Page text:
A Children's physician assistant finds inspiration through her son's journey
My son Lee was diagnosed with Neurofibromatosis (NF) Type 1 and a rare congenital disorder by the age of 2. Both of these diagnoses came with learning disabilities and developmental delays, so we spent a good portion of his childhood seeing doctors at Children’s at Scottish Rite or getting speech therapy at Children’s Rehabilitation Center on Mansell Road. It was hard, but Lee was a trooper. The Children’s staff became like extended family.
Lee remained mostly healthy for the next five years, until he came down with a bad case of strep throat when he was 7. His pediatrician sent us to Children’s at Scottish Rite for an initial CT scan. Lee was referred to the Aflac Cancer Center and Blood Disorders Service, where we went regularly that summer for repeat CT scans and lab work.
Finally, his blood counts warranted a bone marrow aspirate. He was admitted to the hospital three times during the next several months, losing more than 15 pounds. At that time, he also received a diagnosis of a rare form of leukemia with no known cure.
Despite everything, Lee was stable through most of the following year, and we managed to have some fun. He enjoyed the summer at the pool and beach, and was able to celebrate his 9th birthday. It wasn’t until the night before Thanksgiving that the bottom fell out. He died at the end of the following week.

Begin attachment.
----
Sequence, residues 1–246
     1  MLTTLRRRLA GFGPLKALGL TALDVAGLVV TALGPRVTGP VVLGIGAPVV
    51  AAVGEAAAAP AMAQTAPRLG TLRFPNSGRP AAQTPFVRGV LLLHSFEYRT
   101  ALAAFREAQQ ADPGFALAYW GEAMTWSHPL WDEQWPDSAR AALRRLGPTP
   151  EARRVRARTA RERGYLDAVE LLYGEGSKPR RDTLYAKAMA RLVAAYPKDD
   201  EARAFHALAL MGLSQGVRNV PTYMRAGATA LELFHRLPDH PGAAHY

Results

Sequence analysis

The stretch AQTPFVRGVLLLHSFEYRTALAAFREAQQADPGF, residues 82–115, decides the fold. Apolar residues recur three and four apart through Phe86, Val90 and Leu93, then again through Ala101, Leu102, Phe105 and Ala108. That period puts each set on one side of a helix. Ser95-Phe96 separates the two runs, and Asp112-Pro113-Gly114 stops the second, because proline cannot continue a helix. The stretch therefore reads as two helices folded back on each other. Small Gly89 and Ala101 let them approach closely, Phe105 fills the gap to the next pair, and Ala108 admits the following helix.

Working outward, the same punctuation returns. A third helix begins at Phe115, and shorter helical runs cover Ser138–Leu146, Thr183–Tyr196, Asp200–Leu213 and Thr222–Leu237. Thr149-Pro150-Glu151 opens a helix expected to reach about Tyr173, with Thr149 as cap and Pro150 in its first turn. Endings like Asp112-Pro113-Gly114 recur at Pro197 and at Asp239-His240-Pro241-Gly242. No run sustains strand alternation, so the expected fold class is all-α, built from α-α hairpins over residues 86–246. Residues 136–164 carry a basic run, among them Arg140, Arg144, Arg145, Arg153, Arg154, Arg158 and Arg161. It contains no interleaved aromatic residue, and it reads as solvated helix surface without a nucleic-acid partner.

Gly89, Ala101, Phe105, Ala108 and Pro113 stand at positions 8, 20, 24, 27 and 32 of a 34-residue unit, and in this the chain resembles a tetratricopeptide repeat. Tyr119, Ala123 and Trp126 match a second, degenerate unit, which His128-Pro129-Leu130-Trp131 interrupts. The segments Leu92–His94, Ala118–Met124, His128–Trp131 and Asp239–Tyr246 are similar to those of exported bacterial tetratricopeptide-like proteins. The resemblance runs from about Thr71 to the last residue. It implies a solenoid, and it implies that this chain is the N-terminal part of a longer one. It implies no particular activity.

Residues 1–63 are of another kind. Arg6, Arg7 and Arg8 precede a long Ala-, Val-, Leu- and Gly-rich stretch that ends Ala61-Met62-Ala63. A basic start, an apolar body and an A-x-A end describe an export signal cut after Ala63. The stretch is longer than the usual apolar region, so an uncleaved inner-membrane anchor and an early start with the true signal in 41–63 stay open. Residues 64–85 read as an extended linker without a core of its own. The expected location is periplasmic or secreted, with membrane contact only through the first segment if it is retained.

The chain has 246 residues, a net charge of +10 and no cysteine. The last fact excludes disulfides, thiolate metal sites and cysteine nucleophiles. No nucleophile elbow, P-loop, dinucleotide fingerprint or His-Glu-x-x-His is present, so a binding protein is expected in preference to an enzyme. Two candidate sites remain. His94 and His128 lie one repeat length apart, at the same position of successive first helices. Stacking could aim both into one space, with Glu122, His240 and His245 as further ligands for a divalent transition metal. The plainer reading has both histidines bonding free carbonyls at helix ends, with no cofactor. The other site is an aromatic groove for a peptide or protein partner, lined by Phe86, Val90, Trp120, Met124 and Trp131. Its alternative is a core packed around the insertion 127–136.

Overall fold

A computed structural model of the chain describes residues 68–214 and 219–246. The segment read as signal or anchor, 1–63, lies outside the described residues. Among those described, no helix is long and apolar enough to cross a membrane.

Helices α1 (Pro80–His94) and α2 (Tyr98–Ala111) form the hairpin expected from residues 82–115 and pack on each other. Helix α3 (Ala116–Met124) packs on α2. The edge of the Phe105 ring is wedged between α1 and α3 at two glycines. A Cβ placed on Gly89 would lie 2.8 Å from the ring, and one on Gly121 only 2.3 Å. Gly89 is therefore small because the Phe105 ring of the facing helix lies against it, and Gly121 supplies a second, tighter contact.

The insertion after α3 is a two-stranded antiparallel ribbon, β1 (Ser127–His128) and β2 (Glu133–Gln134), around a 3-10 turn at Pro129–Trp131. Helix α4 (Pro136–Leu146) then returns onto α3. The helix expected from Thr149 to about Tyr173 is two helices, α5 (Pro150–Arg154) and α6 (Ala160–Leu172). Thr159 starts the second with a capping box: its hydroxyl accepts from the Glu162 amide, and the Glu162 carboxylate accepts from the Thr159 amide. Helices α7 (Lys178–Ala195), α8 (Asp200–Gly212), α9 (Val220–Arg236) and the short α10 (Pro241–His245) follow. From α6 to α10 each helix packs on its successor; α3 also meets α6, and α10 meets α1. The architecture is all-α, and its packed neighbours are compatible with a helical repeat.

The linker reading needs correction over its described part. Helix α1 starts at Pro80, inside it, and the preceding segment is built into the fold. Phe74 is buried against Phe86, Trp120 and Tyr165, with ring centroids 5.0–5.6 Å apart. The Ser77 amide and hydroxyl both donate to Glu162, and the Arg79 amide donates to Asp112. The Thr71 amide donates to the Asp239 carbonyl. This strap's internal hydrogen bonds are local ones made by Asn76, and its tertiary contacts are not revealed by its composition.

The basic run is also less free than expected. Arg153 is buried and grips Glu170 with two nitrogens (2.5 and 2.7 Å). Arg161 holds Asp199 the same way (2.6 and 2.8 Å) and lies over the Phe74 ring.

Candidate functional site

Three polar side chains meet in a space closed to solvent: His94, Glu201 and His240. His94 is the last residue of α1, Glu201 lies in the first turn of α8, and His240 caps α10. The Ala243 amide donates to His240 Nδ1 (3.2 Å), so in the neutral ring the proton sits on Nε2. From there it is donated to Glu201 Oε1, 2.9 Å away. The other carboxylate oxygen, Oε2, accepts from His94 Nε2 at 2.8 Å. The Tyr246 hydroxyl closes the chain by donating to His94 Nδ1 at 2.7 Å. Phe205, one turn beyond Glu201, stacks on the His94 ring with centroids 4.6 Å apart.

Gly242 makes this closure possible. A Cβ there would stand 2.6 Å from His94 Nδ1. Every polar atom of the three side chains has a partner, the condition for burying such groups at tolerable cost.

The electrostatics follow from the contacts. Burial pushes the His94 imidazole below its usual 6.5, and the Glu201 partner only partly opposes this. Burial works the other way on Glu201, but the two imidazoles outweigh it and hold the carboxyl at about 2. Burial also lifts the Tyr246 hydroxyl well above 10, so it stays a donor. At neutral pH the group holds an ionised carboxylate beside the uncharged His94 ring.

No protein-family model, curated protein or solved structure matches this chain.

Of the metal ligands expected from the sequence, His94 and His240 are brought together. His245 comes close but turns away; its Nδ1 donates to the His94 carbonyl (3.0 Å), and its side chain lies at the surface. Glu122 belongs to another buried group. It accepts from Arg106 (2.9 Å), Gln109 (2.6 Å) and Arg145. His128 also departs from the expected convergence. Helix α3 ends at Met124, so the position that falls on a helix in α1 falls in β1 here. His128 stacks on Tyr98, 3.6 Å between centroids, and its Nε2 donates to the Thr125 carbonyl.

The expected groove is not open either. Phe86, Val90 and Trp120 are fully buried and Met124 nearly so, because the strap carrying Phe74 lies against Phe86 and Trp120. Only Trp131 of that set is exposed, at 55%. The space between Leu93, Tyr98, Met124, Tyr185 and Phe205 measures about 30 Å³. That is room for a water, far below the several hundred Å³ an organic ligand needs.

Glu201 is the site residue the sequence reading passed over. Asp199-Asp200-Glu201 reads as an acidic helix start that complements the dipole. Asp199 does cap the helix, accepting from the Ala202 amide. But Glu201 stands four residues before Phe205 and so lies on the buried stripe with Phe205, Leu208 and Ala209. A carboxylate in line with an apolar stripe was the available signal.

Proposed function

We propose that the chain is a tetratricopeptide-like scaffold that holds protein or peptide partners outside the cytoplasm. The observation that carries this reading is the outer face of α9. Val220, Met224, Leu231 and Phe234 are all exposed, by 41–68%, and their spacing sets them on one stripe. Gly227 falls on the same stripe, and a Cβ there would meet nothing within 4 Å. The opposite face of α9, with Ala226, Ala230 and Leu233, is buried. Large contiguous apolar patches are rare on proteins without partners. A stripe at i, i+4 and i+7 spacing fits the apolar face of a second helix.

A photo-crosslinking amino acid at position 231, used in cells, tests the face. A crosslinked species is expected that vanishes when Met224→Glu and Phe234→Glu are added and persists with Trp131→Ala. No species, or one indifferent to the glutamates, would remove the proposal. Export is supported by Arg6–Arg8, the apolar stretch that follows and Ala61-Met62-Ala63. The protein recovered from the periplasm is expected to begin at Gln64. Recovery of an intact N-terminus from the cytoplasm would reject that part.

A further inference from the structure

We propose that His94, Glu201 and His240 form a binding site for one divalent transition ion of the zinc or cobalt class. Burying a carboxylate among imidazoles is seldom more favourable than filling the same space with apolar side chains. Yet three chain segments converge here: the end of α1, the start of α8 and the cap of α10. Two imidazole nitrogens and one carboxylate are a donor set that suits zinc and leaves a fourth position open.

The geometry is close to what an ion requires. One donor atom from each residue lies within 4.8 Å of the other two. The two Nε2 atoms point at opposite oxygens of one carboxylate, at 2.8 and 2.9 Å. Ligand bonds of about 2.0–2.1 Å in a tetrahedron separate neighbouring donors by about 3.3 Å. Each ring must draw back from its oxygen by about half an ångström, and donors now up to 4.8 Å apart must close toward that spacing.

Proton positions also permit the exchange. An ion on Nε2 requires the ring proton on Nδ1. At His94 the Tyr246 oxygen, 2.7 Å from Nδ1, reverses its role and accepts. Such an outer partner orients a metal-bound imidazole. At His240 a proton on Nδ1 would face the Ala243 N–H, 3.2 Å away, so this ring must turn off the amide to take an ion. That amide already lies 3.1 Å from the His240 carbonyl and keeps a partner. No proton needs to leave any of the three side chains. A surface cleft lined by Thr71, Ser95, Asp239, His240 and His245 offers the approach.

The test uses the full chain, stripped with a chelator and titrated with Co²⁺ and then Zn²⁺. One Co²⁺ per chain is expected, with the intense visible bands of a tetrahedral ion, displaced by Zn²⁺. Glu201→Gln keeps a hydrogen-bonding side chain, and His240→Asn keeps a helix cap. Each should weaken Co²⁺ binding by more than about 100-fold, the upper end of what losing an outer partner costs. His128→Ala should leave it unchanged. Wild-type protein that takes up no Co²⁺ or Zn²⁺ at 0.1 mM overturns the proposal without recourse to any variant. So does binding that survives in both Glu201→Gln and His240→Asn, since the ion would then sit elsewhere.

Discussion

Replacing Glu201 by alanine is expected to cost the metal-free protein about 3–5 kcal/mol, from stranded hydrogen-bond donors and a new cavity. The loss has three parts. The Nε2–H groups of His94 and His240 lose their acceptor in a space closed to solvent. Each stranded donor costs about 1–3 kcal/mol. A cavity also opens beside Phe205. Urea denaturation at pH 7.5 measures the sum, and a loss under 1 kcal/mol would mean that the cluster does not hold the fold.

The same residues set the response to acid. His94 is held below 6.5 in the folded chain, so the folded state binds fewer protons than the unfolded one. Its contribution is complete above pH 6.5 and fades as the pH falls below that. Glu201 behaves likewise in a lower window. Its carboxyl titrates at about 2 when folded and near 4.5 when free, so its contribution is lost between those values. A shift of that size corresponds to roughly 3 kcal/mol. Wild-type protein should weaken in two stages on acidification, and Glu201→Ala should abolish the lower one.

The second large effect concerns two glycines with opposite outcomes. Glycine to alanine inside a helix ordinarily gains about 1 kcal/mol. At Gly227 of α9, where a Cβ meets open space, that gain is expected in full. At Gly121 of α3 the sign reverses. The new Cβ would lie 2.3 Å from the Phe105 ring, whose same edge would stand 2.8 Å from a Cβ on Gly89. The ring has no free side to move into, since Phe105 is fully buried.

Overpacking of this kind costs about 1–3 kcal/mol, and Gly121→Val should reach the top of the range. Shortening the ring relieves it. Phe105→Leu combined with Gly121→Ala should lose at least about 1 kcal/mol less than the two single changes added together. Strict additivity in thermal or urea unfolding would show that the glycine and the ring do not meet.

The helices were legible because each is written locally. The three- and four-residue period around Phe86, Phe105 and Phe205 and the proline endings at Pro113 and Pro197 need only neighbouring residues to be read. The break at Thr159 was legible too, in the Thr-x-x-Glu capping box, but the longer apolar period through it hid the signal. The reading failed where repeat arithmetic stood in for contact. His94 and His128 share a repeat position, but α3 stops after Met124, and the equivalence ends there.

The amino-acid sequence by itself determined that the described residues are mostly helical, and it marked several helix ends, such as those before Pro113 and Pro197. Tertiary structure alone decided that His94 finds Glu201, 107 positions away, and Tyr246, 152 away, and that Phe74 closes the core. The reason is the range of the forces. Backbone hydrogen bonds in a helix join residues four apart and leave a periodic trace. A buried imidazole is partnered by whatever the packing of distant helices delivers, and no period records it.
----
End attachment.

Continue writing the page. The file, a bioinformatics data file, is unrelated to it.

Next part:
For Lee’s entire life, I worked as a vice president for a local information technology firm. I did very well, and I liked my job. But, after Lee passed away, I felt like it just wasn’t right. With my husband’s encouragement, I decided to go back to school to become a physician assistant.
I was inspired by the Children’s PAs that had been with me and my family during Lee’s illness. I wanted to work with kids with special needs, just like Lee. I knew, with my past, I’d be able to connect with parents in a special way, truly serving as a parent and patient advocate.
Prior to graduating from the Medical University of South Carolina, I found out about an open position at Children's in Rehab/Physiatry. I knew I had to apply. And, in October of 2008, I walked through the entrance of Children's at Scottish Rite as an employee—not a parent—for the very first time.
People ask how I can work in the same hospital where my son died. It’s not always easy, and I have had my down days. But, even so, I’ve never regretted my decision. I love that I get to work with incredible people who believe so strongly in what they do. And, I love that I get to feel connected to Lee by being here every day. I know I’ve found my purpose.
- Lesli Woodall
Physician Assistant, Children's Rehabilitation Associates